The Visa Run: Quintessentially Qatar
As a male trailing spouse, my visa situation is a bit more fluid than if I were a woman in Qatar.
Were I the one with the high-flying job, my wife could simply get sponsored by me, all in less time than it takes to get to a Pilates class.
But Qatari red tape still seems a little flummoxed by situations like mine; a vague sense of “don’t ask me, this wasn’t in the manual” hangs over my dealings with bureaucracy.
The good news is, my wife could sponsor me as she earns more than the legal threshold (currently QR10,000 a month). But on the basis that I might at some point get a full time job, we decided not to go through the hassle of getting sponsored once, only to have to go through it all again if/when an employer took it over.
But as that’s looking about as likely as The Pearl’s alcohol licence being reinstated, we might need a new plan. Because saving time and hassle on encounters with officialdom, I am not.
I am now on my fifth or sixth different visa in nine months. Tourist (30 day). Extension (30 day). Family Visit (30 day). Extension (Five months). Tourist, extension, wash, rinse, repeat…
Having run out of extensions, and it still being too soon to reapply for another Family Visit Visa (you need to leave three clear months for that), I needed to go on a visa run to start the clock from zero again.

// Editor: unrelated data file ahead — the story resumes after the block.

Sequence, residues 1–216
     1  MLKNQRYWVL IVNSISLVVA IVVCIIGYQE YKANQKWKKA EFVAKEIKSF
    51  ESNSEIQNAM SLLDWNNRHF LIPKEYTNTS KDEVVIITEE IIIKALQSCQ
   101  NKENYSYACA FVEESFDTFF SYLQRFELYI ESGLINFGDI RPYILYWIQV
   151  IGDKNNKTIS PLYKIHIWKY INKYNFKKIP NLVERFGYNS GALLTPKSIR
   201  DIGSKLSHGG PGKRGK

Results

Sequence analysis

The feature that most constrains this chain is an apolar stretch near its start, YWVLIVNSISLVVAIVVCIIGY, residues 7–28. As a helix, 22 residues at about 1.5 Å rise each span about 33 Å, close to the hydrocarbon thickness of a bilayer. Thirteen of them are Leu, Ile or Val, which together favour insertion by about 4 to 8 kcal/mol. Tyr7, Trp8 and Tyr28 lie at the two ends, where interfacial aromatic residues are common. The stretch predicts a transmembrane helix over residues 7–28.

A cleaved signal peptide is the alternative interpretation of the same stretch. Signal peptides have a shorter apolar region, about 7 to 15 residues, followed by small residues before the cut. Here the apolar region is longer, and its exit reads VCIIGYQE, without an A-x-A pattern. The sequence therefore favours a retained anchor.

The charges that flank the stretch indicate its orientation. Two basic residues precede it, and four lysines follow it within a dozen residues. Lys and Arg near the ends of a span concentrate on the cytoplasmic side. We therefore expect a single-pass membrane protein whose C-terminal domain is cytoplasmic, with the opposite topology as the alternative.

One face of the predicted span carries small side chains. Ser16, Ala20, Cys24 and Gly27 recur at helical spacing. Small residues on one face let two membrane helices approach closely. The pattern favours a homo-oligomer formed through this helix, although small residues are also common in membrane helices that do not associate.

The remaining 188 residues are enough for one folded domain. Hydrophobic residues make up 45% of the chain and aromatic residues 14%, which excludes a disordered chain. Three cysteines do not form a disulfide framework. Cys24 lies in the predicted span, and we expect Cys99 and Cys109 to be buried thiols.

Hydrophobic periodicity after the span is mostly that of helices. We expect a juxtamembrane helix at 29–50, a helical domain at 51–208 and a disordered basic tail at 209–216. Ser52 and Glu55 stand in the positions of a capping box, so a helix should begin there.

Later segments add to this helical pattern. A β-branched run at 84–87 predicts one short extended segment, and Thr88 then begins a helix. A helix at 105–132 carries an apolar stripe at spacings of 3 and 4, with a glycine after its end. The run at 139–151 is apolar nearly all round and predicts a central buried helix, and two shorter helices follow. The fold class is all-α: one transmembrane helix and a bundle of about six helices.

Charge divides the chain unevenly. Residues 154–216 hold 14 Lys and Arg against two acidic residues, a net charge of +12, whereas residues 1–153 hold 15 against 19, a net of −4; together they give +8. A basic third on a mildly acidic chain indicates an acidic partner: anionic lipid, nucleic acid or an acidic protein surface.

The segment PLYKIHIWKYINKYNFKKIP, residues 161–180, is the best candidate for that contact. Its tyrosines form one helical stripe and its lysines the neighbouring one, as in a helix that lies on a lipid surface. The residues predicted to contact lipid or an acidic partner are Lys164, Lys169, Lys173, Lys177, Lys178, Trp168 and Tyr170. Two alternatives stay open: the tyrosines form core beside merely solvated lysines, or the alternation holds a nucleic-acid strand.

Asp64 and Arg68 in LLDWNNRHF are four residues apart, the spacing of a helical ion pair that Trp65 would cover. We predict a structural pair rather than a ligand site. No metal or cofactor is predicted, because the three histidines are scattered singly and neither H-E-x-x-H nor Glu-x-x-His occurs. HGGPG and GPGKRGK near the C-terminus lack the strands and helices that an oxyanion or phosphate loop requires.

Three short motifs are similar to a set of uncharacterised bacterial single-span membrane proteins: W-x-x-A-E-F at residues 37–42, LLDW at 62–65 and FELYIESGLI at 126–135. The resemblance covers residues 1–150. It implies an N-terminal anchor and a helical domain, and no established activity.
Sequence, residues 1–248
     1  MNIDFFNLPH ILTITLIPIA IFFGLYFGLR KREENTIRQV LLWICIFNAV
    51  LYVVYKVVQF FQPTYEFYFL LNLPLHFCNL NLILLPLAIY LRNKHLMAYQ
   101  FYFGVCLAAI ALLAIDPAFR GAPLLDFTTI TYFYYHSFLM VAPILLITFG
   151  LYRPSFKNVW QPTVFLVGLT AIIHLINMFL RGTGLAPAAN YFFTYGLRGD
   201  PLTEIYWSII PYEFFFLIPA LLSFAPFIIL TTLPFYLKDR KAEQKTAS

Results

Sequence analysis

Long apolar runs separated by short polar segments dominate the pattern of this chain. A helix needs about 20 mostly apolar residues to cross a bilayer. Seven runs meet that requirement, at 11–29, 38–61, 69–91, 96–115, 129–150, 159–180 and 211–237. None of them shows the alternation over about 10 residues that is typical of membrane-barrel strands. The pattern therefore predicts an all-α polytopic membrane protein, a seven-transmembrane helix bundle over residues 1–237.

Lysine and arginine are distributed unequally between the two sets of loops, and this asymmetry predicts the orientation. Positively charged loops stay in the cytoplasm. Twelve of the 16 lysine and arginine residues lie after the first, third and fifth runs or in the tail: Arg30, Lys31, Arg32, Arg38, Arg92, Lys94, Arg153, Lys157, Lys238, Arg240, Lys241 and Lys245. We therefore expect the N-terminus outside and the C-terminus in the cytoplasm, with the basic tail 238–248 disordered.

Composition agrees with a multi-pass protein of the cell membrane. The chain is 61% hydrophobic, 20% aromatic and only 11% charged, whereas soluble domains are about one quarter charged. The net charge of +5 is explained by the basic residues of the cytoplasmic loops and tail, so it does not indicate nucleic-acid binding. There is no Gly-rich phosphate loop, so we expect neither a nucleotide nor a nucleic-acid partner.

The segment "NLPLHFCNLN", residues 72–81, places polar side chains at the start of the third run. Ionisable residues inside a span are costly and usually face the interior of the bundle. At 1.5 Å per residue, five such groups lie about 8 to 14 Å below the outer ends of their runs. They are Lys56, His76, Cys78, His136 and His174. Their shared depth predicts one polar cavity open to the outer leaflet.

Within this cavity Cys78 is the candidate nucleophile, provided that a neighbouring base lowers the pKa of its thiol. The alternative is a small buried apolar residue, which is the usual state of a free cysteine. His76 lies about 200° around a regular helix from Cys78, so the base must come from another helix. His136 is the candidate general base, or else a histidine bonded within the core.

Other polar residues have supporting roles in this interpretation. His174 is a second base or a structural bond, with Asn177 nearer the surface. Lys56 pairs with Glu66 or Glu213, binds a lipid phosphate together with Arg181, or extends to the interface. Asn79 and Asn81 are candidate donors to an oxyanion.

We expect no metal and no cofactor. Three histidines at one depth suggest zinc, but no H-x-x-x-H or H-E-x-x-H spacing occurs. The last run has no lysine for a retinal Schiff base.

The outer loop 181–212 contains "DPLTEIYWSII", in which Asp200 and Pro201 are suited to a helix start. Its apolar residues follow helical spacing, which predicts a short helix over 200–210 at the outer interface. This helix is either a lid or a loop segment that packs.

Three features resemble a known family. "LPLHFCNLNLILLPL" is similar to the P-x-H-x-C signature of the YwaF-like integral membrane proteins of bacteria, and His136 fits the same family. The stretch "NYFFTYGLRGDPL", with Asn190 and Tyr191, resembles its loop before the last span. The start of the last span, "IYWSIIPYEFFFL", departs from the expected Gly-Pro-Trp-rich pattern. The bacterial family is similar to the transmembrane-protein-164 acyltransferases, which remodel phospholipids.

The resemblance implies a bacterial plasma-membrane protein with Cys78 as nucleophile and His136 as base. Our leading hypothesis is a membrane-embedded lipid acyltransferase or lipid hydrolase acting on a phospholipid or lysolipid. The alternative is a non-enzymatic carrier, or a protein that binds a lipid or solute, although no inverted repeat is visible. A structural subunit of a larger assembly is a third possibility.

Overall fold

I was supposed to be meeting a friend in Dubai, until her work trip got cancelled at the 11th hour. By then however, I’d already booked my flight, so I made her feel guilty for a bit, but the fact remained: I still needed a new visa.
“I’ve got to take the kids to school in the morning” isn’t the most compelling reason ever to let someone into a country.
“Is that normal in your part of the world, then?” she asked. Because – let’s be clear – the visa run may be as much part of life here as karak or labneh, but this is not how most people spend their time. Backpackers adding a few more weeks’ lazing on a Thai beach, maybe. Trailing spouses: not so much. “I’ve got to take the kids to school in the morning” isn’t the most compelling reason ever to let someone into a country.
So I spent the day in Dubai, at the mall. When in Rome, and all that.
I found a massive, actual bookshop in the Dubai Mall (called Kinokuniya, on the second floor) and spent most of the day – and quite a bit of my wife’s money – there.
Arriving back in Qatar, I queued patiently (Brits would win Olympic gold at this) in the longest immigration queue I’ve ever seen in Doha. I watched with mounting jealousy as QID owners whizzed through the e-gates, while I waited over 45 minutes to extend my time here by another month.
I paid the visa fee with my QNB card, which triggered an automatic SMS to my wife, the account holder (a system more commonly used to alert husbands to their wives’ spending).
She texted back almost immediately. “That took a long time.”
“Yep,” I replied. “But I’m on my way home now.”